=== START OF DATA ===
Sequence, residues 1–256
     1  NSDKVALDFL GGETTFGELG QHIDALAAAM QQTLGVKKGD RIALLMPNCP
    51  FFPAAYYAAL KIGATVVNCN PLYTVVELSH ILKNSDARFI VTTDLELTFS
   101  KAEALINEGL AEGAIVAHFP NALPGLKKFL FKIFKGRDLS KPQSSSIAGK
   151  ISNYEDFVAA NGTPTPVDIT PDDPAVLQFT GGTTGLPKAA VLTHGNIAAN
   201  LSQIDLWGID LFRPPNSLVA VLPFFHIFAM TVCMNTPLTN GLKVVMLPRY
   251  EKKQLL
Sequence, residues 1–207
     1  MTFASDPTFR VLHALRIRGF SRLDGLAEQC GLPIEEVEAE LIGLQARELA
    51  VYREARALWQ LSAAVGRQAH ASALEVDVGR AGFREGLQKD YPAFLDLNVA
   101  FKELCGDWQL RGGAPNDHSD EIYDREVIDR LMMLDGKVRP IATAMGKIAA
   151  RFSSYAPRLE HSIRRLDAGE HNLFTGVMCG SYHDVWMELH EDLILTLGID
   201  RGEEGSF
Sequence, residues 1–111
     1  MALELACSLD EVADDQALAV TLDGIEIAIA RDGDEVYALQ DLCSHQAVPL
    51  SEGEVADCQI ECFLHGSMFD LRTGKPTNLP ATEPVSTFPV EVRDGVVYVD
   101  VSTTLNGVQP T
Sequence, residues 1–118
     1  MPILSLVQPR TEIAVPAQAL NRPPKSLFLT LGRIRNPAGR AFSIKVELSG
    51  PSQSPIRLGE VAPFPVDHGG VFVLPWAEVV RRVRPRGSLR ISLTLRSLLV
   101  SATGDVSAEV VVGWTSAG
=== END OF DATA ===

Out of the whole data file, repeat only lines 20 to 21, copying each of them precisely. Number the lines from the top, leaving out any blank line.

    51  PSQSPIRLGE VAPFPVDHGG VFVLPWAEVV RRVRPRGSLR ISLTLRSLLV
   101  SATGDVSAEV VVGWTSAG